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World’s largest offshore wind farm to be built off U.K. coast

by Cleantech Canada Staff   

Cleantech Canada
Environment Financing Sustainability Cleantech Energy Infrastructure

Dong Energy forging ahead with plan to build huge 1.2 gigawatt wind farm

PHOTO: Dong Energy

Dong Energy’s Burbo Bank Offshore Wind Farm off the U.K. coast. The new Hornsea project will use 7 MW turbines nearly twice the size of the 3.6 MW turbines used at Burbo Bank. PHOTO: Dong Energy

LONDON—Spread across 407 square-kilometres of turbulent, North Sea salt water off the U.K.’s east coast, DONG Energy is planning the world’s largest offshore wind project.

Due east of Hull, 120 kilometres from the rocky Yorkshire shoreline, the Denmark-based energy firm plans to install approximately 170 enormous, 7 megawatt wind turbines. With a planned capacity of 1.2 GW, the ambitious Hornsea Project One, which was given the green-light last week, will power well over one million U.K. homes.

“We are making a major financial investment to construct this giant wind farm and this underlines our commitment to the UK market,” Dong Energy’s UK chairman Brent Cheshire, said. “Hornsea Project One will support the supply chain and help create local jobs. To have the world’s biggest ever offshore wind farm located off the Yorkshire coast is hugely significant, and highlights the vital role offshore wind will play in the UK’s need for new low-carbon energy.”

The Hornsea site 120 kilometres from the Yorkshire coast. PHOTO: Dong Energy

The Hornsea site 120 kilometres from the Yorkshire coast. PHOTO: Dong Energy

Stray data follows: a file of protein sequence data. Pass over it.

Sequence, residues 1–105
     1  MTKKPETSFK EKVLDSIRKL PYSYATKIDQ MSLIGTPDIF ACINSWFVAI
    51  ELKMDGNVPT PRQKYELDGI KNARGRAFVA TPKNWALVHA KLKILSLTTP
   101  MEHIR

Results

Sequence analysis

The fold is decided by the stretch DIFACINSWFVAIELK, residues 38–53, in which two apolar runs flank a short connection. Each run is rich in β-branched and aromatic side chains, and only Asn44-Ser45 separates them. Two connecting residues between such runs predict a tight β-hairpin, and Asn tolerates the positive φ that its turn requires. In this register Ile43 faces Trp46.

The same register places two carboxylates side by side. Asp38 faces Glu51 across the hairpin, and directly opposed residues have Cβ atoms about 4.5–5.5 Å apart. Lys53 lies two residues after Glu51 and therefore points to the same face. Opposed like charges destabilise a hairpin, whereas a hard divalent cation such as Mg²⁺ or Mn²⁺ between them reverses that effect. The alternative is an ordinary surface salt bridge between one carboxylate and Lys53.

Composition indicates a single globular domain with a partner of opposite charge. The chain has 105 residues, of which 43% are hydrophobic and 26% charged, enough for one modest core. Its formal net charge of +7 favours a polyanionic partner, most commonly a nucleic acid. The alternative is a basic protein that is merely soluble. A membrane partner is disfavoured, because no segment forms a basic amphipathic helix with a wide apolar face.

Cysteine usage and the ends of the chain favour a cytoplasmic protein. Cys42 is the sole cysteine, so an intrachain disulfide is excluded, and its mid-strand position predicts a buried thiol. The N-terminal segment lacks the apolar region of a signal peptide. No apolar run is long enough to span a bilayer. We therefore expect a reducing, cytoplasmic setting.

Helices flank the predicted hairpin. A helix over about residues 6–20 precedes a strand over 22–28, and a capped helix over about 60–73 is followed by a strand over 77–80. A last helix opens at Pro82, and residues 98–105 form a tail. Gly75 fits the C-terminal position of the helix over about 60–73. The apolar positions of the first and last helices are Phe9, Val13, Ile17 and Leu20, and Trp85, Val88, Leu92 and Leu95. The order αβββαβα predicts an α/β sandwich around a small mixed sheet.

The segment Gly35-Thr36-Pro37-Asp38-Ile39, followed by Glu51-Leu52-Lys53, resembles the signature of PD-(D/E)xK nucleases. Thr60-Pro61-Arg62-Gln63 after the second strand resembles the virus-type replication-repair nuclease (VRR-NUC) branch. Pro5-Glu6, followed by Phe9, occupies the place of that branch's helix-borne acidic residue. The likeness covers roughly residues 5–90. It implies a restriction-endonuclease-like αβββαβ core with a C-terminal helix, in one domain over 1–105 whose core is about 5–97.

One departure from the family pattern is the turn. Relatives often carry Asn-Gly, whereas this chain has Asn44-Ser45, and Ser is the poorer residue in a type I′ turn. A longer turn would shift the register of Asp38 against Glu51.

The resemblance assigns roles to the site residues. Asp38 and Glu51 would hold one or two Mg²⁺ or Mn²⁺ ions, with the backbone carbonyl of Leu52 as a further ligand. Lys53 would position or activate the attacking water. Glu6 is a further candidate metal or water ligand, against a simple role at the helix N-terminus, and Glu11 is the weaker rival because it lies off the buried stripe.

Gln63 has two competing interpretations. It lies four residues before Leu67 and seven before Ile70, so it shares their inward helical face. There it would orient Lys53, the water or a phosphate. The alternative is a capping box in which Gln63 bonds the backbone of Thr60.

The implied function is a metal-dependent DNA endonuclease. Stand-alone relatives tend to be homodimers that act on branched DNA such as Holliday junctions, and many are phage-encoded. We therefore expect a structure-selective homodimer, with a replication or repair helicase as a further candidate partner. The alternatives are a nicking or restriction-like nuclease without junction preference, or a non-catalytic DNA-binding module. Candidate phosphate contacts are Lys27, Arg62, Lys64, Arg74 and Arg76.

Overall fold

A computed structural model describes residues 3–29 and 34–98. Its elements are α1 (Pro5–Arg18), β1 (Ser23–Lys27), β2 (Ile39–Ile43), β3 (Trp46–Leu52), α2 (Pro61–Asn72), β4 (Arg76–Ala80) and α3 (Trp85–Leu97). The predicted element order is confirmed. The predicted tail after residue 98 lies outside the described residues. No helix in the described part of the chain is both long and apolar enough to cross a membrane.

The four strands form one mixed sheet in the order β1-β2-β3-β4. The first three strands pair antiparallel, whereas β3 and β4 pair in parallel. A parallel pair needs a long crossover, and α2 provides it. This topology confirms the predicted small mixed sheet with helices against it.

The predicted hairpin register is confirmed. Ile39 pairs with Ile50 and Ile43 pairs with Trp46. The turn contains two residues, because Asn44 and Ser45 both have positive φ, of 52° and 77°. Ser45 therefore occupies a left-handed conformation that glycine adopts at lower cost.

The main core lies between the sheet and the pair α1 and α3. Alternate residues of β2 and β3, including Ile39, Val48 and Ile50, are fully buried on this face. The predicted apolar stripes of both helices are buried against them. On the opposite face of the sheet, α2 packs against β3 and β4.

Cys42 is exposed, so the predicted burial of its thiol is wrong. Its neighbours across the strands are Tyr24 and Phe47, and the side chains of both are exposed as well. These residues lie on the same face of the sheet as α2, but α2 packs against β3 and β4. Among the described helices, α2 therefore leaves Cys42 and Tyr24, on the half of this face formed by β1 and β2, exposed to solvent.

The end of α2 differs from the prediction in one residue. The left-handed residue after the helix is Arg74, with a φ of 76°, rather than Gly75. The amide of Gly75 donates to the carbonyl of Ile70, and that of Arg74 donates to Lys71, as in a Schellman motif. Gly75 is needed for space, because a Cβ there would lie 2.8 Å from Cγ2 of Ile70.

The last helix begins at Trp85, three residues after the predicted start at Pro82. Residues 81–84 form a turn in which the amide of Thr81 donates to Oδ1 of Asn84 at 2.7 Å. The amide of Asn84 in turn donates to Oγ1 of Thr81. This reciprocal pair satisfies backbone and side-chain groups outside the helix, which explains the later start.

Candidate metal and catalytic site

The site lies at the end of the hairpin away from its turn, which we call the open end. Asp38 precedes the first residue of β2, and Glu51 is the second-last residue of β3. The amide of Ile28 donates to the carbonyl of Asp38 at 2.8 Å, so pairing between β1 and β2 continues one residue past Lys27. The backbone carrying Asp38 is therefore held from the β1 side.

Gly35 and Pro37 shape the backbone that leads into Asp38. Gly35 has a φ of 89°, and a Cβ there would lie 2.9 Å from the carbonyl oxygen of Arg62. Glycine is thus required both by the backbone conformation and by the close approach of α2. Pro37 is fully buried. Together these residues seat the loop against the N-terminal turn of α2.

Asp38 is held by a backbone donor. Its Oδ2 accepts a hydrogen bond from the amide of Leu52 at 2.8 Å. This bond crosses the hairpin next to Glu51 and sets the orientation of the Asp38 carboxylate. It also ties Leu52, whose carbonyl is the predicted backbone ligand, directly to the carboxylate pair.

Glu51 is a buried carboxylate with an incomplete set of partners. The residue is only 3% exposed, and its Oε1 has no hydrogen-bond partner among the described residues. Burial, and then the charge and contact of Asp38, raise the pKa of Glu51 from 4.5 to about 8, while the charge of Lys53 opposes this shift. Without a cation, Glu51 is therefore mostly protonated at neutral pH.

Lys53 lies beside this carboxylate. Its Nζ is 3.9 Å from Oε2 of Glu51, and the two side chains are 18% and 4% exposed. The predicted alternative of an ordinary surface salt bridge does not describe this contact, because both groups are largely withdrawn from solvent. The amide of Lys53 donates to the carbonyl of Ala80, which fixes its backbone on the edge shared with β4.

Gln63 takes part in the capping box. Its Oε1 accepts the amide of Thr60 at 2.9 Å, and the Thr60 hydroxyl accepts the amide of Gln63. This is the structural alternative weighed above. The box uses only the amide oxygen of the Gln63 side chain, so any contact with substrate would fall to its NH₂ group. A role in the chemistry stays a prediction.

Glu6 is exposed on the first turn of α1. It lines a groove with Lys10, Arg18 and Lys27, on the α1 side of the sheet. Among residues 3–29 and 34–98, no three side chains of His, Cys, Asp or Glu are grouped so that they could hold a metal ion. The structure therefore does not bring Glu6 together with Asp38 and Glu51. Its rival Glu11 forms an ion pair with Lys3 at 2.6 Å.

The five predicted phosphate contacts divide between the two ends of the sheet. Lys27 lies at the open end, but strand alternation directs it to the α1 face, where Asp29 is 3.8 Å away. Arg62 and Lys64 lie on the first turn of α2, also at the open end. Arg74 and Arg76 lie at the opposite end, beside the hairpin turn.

Nearly twice the size of the largest offshore wind farm currently in operation, the company says the project will create about 2,000 jobs during construction, as well as up to 300 full-time positions once the plant is commissioned.


“This project means secure, clean energy for the country, jobs and financial security for working people and their families, and more skills and growth boosting the Northern Powerhouse,” Amber Rudd, the U.K.’s secretary of state for energy, said.

The enormous planned project will cover an area twice the size of Greater London, while each turbine will stand nearly 200 metres tall—eclipsing most of London’s skyline. Dong Energy fingered Siemens, which has a new turbine production facility in Hull, as the preferred turbine supplier. The company’s SWT-7.0-154 upwind wind turbine has blades 75 metres long.

The completed project will include more than 900 kilometres of electrical cables, feeding the turbine’s significant supply of clean energy into the U.K.’s electrical grid. Hornsea has been almost 10 years in the making, and is fully-owned by Dong after the company acquired the final 66 per cent stake from SMart Wind Ltd. last year. The company also owns the rights to two other Hornsea sites, which could be marked for future development. If Hornsea Two and Three progress, the entire project scope could reach 3 GW of capacity.

The developer plans to commission the world’s largest offshore wind site at Hornsea One in 2020.


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